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efficacy, what an excellency in the religion of Jefus !"Here is the patience of the faints!" This bring us,
PART III. To specify SOME CASES in which the patience of the faints is to be rendered ILLUSTRIOUs and We fhall mention three. The firft concerns PROVOCATION; the fecond AFFLICTION; the third DELAY: here patience is neceffary; and here we are to behold its triumphs.
First, it is to be displayed in bearing PROVOCATION. "It muft needs be that offences will come." Our opinions, reputations, connections, offices, bufineffes, render us widely vulnerable. The characters of men are various; their pursuits and their interests perpetually clash. Some try us by their ignorance, fome by their folly, fome by their perverfeness, fome by their malice. There are to be found perfons made up of every thing difagreeable and mifchievous; born only to vex, a burden to themselves, and a torment to all around them. Here is an opportunity for the triumph of patience; here is a theatre on which a man may exhibit his character, and appear à fretful, wafpifh reptile, or a placid, pardoning God. We are very fufceptive of irritation; anger is eloquent; revenge is fweet. But to ftand calm and collected; to suspend the blow, which paffion was urgent to strike; to drive the reafons of clemency as far as they will go; to bring forward fairly in view the circumstances of mitigation; to diftinguish between furprife and deliberation, infirmity and crime; or if an infliction be deemed neceffary, to leave God to be both the judge and the executioner-This a chriftian fhould labor after. His peace requires it. People love to fting the paf
fionate. They who are eafily provoked, commit their repose to the keeping of their enemies; they lie down at their feet, and invite them to ftrike. The man of temper places himself beyond vexatious interruption and infult. "He that hath no rule over his own fpir"it, is like a city that is broken down and without "walls," into which enter over the ruins, toads, ferpents, vagrants, thieves, enemies; while the man, who in patience poffeffes his foul, has the command of himfelf, places a defence all around him, and forbids the entrance of such unwelcome company to offend or difcompofe.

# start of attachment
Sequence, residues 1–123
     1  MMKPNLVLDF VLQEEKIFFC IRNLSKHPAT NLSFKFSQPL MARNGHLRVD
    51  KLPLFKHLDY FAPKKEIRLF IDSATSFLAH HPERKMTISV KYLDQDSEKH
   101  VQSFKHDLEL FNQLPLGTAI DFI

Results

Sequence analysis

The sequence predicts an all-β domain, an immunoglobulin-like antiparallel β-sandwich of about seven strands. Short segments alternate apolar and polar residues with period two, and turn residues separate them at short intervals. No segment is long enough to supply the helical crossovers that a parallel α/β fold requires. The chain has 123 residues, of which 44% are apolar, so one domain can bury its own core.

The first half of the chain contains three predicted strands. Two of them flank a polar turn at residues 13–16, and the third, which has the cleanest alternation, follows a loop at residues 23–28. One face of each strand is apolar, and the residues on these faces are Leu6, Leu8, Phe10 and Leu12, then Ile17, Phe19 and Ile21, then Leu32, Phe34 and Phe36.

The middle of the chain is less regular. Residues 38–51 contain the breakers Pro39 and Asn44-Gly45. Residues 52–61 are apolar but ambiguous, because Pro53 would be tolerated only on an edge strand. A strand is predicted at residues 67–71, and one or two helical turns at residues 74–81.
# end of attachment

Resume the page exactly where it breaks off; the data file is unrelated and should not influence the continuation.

His wisdom requires it. "He that is slow to anger "is of great understanding; but he that is hafty of "fpirit exalteth folly." "Anger refleth in the bofom "of fools." Wisdom gives us large, various, comprehenfive failing round views of things; the very exercife operates as a diverfion, affords the mind time to cool, and furnishes numberless circumstances tending to foften severity. Such is the meekness of wisdom. Thus candour is the offspring of knowledge.
His dignity requires it. "It is the glory of a man "to pass by a tranfgreffion." "Be not overcome of "evil, but overcome evil with good." The man provoked to revenge, is conquered, and lofes the glory of the struggle; while he who forbears, comes off a victor, crowned with no common laurels; for, "he "that is slow to anger is better than the mighty: and " he that ruleth his fpirit, than he that taketh a city." A flood affails a rock, and rolls off, unable to make an impreffion; while straws and boughs are borne off in triumph, carried down the stream, "driven with "the wind, and toffed."